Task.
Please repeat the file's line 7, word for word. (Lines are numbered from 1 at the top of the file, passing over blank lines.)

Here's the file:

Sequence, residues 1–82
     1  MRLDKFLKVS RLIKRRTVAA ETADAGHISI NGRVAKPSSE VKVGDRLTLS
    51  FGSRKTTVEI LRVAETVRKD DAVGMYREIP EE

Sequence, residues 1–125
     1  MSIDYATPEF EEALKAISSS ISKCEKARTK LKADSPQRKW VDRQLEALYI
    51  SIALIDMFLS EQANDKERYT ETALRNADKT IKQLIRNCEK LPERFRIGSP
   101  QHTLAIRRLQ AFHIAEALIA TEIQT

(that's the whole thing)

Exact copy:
   101  QHTLAIRRLQ AFHIAEALIA TEIQT